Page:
Free press doesn’t always mean lollypops and rainbows

The eighth rotation of the SQL Microsoft Certified Masters program is about to wrap up and tomorrow is the big day of exams. David Ikeda is covering this rotation, but last week I got a chance to sit with the existing candidates for a day of instruction. I was really glad to get a chance to meet this group of candidates in person. These are highly qualified individuals and I have no doubt that we’ll be welcoming several of them to the SQL MCM community over the next few months.

One unusual factor in this rotation is that we have a distinguished and well known SQL professional, trainer, author, and blogger in attendance – Brent Ozar. I’ve followed Brent’s blog before the MCM days, and the prospect of his attendance was (and is) a very good thing. Brent has been blogging about his SQL MCM journey and preparation over the last two months, including details on his day to day experiences over the last three weeks of training.

I was glad to see the blog posts – although I also thought that such transparency means that, with the exception of NDA discussions and exam details, Brent is in a position to discuss the good, bad and the ugly (and although daunting, I believe that this is a good thing). MCM is an unusually tough process and sometimes the right notes are hit and sometimes the notes are missed entirely. Sure enough – today (after a few weeks of blogging) – Brent detailed some valuable (but tough) feedback for the SQL MCM program today on his blog: SQL MCM: Now, the bad stuff.

Both David and I want the candidates to have an experience of their lifetime – and so when components of the training miss the mark – we take it seriously.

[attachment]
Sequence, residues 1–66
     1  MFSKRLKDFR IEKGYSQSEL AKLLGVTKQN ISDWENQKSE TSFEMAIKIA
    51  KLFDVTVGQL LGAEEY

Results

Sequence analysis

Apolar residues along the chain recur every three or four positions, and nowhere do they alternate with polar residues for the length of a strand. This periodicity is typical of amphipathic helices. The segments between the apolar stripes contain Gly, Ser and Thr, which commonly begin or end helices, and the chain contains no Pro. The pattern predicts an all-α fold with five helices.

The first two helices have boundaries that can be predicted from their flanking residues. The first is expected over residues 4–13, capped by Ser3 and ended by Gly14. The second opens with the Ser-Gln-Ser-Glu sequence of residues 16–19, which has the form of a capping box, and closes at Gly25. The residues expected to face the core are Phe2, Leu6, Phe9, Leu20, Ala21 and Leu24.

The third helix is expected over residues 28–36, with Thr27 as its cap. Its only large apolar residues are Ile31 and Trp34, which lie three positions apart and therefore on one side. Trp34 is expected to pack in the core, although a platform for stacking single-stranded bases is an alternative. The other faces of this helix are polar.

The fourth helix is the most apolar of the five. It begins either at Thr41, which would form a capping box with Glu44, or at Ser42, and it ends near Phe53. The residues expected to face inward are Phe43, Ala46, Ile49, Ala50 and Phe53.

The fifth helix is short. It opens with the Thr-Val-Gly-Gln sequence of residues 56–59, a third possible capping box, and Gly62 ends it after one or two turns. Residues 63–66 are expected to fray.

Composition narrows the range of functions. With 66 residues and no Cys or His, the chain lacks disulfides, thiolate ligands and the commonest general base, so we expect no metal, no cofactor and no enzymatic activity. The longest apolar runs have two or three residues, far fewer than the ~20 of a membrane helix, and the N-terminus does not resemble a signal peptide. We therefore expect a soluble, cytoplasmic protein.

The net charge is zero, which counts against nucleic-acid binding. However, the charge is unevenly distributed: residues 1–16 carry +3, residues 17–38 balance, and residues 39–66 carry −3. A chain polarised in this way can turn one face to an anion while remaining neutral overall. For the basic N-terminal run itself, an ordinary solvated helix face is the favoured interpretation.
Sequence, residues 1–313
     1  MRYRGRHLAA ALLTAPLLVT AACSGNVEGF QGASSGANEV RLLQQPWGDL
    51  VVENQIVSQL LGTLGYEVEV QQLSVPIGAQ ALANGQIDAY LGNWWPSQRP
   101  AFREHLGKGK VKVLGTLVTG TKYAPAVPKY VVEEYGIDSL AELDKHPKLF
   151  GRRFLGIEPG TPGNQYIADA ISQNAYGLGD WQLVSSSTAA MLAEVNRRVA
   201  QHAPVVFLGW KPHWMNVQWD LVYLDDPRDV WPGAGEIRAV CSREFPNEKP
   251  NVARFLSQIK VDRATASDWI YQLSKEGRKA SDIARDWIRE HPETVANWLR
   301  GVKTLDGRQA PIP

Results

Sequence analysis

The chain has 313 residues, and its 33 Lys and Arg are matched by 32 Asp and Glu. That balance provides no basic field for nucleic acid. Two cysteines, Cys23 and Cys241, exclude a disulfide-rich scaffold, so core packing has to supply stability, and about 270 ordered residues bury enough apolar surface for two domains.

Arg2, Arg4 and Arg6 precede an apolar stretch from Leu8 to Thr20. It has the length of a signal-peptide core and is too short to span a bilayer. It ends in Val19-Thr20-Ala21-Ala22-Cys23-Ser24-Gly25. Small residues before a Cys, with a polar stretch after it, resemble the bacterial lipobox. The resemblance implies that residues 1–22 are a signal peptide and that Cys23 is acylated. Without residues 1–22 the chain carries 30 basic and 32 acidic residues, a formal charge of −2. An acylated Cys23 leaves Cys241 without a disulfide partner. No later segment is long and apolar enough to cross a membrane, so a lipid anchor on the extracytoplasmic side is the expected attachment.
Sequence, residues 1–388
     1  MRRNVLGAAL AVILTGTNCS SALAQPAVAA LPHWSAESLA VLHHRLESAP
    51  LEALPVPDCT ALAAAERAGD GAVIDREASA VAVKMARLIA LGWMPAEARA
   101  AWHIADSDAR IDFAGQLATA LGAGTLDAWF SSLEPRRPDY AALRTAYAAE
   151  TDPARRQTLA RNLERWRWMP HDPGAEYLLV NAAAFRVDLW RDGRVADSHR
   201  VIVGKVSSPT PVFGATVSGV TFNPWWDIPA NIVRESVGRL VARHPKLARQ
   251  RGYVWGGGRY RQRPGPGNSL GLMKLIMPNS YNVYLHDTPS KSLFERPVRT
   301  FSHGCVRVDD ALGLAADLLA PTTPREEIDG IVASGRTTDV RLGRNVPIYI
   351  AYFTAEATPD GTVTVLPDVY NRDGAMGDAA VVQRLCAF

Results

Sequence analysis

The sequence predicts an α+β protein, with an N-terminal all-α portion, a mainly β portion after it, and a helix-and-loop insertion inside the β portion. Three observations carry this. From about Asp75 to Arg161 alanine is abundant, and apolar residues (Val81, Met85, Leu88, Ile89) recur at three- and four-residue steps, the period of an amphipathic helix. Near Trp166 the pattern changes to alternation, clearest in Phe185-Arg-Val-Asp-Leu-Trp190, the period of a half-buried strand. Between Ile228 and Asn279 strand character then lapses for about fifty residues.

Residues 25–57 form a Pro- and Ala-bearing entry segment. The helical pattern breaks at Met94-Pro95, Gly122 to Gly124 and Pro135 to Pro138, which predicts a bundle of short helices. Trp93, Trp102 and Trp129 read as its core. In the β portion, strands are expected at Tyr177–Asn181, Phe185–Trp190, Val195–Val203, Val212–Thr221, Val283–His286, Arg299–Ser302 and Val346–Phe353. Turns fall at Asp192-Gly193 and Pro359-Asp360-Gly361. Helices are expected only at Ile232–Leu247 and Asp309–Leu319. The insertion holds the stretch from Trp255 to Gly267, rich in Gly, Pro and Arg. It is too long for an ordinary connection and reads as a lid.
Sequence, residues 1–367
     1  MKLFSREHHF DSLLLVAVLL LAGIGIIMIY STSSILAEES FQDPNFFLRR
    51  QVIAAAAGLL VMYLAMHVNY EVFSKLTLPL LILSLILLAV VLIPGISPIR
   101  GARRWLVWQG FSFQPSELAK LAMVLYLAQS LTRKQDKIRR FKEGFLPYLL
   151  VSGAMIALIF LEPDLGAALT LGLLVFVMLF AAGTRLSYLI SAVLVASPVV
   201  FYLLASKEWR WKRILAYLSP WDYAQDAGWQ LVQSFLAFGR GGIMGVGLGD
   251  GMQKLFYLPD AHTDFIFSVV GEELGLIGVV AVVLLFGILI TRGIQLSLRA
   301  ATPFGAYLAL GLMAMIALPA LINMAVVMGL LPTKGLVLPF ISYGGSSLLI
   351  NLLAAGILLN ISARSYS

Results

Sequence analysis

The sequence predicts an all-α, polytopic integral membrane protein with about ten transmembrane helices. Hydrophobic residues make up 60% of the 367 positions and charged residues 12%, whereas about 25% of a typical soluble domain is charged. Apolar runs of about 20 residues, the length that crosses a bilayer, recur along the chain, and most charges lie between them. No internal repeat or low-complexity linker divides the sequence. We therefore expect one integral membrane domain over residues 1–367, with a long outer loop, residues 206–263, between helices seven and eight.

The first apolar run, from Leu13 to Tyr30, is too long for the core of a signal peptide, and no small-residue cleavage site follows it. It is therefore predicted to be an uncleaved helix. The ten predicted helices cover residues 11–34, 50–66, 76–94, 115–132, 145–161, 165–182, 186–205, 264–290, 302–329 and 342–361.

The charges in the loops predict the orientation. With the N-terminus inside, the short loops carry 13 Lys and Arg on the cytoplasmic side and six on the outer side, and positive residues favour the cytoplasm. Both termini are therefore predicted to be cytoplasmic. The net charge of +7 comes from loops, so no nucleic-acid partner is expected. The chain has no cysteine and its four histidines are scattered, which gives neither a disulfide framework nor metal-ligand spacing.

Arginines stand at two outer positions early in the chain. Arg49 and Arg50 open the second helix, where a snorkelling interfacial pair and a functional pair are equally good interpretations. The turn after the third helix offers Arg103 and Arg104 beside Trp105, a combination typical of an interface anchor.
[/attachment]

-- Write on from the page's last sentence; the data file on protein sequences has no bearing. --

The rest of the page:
Unlike other Microsoft Official Curriculum offerings, MCM training is a bit more organic and malleable. For each rotation, we must be prepared to change based on feedback and external trends. Given Brent’s post – I just wanted to express that we’re definitely listening and that we’ll do what we did for the last rotation which is as follows:

· At the end of the rotation we’ll aggregate all the feedback from surveys, emails, blogs, and conversations (group and individual).

· We’ll then sift through it all – looking for consistent themes. What worked? What didn’t work? Some content is golden and consistently loved. Sometimes content is liked by one rotation, but not the next. Some content is new – but not working. Some content is too easy or out of scope. Some content is missing.

· Next, we then work to address the feedback (content feedback, flow of content, topics that are missing, topics that are too basic, lab work that need retooling)

So long story short – we are listening and we will act. My overall hope is that the candidates in this current rotation and those attending future rotations will find the experience to be worthwhile and come away from this with actionable knowledge and a career-long technical community (not to mention distinguishing themselves in the community). In the meantime, we’ll keep pushing.

Comments (1)

  1. Anonymous says:

    Thanks for taking the time to write about the issues, and I really appreciate you and David being so gracious about the problems we had.  I know you guys care deeply about making this training a great experience for everybody, and I know it’s going to get better.  Thanks so much for what you’re doing!